Therefore, the RBI must rather try to actually reduce the prices rather than reducing the demand. The RBI must understand the underlying fact that we do not eat 2kg rice instead of 1kg just because it is available cheaply. The sugar rates have fallen back to old levels and most retailers are even offering sugar free with purchases of certain items but does any data indicate that sugar consumption has increased. The sugar stocks have turned sick. Of course, the scene is different with automobile sales. But then, to keep these on a track, the bank must ask the Government to raise duties & taxes on car sales rather than increasing interest rates in general and affect everything including the housing sector making a fundamental need in-affordable. The RBI must understand that the current economy is so vibrant like a shining mirror that if you try to hit it with a brick, it will hit back with a rock, unintentionally. This is exactly what is happening. The more the prices are rise, the more careless people get with finances. The public will stop planning their finances and start spending recklessly as the saving amounts (like 500, 1000) do not interest them. Thus, the leaders leading the nation have to seriously think about the underlying facts & the long term effects rather than blindly looking for short term solutions by following the traditional economic laws, and that too, without completely understanding the laws.

The Big Bank Theory
Indian banks are on a very strong platform. The big banks reporting 20-30% growth rates consistently over the years is not less than a miracle. As the progress has been happening over a long term, the banking industry is in a kind of consolidation phase now. Trying to mess with them at this point of time can be very damaging. The recent deregulation of interest rates can be a big blow to banks, and in turn the economy, in the long run. The RBI should not have forgotten that the banks are already stressed for the sudden changes in saving account rules over the last one year.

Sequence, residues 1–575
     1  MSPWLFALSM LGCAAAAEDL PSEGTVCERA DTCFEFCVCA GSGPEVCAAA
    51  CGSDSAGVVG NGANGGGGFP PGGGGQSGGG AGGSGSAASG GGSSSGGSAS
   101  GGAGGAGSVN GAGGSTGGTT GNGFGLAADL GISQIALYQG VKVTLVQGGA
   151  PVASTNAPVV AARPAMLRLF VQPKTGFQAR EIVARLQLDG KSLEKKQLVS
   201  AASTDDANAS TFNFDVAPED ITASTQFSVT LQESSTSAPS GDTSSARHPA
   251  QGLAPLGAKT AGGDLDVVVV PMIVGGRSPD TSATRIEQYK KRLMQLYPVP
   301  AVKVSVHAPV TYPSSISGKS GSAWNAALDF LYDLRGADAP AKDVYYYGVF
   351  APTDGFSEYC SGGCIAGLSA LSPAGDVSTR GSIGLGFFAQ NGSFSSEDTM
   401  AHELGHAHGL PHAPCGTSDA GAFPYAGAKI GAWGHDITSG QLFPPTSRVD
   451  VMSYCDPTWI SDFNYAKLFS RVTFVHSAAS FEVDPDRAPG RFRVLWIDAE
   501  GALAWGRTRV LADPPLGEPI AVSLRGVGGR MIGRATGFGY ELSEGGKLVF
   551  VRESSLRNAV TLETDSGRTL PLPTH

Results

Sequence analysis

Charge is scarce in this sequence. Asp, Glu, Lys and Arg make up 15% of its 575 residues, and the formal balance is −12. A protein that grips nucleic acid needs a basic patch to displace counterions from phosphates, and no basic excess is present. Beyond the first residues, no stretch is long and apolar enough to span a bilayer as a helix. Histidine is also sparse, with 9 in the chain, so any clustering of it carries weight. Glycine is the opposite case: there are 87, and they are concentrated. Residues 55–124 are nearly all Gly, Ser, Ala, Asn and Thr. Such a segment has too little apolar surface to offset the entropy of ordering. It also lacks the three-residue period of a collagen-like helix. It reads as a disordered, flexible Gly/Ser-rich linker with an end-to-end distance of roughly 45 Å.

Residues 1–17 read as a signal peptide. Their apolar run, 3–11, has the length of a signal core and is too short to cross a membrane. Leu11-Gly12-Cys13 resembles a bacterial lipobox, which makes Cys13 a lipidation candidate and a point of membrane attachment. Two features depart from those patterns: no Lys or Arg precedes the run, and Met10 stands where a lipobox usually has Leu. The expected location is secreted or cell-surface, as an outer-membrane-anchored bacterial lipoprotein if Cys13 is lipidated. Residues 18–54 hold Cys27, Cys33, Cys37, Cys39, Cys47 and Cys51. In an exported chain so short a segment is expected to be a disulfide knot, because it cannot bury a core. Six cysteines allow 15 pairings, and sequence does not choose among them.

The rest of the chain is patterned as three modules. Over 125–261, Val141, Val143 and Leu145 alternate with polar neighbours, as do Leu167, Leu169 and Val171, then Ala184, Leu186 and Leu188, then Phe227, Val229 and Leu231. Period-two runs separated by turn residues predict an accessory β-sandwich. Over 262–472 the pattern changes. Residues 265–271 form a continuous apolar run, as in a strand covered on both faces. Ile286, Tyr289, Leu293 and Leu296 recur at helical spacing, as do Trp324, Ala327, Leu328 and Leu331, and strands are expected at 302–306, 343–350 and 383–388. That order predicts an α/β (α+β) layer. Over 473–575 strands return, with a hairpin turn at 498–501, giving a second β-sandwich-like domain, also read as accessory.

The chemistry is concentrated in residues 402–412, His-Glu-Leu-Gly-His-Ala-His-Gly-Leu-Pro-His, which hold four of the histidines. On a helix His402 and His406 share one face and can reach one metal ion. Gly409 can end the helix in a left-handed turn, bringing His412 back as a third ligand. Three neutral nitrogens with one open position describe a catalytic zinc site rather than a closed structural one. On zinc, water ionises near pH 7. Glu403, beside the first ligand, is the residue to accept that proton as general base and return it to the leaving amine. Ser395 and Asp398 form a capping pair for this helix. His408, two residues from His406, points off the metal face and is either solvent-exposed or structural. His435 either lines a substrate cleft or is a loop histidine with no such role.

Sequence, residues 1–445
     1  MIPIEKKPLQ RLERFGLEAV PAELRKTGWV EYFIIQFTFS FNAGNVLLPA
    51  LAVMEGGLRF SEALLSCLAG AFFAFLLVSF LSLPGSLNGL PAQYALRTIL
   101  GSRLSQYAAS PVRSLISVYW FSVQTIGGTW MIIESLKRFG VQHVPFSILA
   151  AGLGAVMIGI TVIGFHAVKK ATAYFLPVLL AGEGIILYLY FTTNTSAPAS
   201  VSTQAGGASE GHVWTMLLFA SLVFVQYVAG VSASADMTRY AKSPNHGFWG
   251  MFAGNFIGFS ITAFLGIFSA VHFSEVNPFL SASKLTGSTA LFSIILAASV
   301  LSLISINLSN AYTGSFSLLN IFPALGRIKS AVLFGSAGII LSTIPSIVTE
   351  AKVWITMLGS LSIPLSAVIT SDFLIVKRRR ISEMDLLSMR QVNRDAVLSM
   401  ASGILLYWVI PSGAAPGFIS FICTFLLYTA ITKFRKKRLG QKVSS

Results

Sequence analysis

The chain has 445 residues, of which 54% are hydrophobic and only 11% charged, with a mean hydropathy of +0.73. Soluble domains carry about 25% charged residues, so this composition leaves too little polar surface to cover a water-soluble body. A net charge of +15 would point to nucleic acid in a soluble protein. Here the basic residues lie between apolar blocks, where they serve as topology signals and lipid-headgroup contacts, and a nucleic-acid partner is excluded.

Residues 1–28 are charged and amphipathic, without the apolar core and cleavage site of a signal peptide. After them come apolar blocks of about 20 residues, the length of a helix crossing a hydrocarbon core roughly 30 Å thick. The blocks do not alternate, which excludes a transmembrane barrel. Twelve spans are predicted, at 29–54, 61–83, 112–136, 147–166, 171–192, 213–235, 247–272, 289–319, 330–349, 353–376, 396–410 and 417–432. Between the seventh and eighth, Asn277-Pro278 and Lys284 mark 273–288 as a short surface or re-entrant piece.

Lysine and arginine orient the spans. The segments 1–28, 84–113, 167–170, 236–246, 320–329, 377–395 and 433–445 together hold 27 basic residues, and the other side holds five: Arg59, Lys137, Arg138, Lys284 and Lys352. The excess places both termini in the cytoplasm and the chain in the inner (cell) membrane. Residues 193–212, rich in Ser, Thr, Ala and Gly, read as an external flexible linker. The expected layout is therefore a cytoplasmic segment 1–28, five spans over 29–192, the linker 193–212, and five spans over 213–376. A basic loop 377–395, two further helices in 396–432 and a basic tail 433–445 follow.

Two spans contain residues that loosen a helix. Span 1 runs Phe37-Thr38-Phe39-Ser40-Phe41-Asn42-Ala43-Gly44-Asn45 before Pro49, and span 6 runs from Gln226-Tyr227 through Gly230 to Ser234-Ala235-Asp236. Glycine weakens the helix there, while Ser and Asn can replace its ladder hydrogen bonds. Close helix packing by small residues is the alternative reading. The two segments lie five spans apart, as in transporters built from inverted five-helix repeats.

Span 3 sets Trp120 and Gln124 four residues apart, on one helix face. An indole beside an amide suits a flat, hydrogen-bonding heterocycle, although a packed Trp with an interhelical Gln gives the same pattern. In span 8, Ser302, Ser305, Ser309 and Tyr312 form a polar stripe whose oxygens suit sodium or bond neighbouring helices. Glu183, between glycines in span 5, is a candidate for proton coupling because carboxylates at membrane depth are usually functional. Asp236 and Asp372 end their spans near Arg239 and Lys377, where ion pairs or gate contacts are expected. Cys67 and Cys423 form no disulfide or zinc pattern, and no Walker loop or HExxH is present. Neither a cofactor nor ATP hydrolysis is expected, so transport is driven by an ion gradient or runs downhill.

The first blow came when the RBI announced that the banks will have to pay interest on savings account as per daily balances (like it is calculated on loans) and not on the minimum balance maintained from 10th to last day of the month. The banks interest outflow on savings account has increased by 60-70% on account of this rule.

The second blow came when the interest rate was increased from 3.5% to 4% pa on savings account. The interest outflow to savings account increases by another ~15% on account of this rule.

The third blow has come with deregulation of interest rates offering a competitive advantage for banks with low CASA ratios to pull markets towards them.

In all these decisions, the big banks have been big time losers. The big banks survive on impressive margins offered by CASA amounts lying with them. They benefit most from these funds and these funds are their major source of earnings. The scenario will take a bad hit in the long run. The RBI or the Government might think that the public is happy. But then, they have to understand that the public is not bothered about SB interest rates. The public is more concerned about the food prices, petrol prices and inflation that is snatching their pockets. A very few people think about earning interest in the savings accounts. The public rather considers FD or RD route in case they have an interest element on their minds. I guess, the PMO or the FMO or the RBI might not have received even 1 request from the public asking them to rise SB interest rates or deregulate them when we consider the lacs of requests that have gone to them seeking their help in battling price rise. Such unnecessary steps might not be welcome. Nobody celebrated these decisions though they mean more income to the public.

Small banks have already started increasing their SB interest rates. Big banks will be forced to follow suit.

The Small Elephants
Another big question is, will the small banks be able to handle the large fund flows on to their balance sheets? Managing such fund flows is not an easy task. The small banks are not well equipped in marketing their loan products or in recovering the funds they lend. There are definite hurdles on this front as well.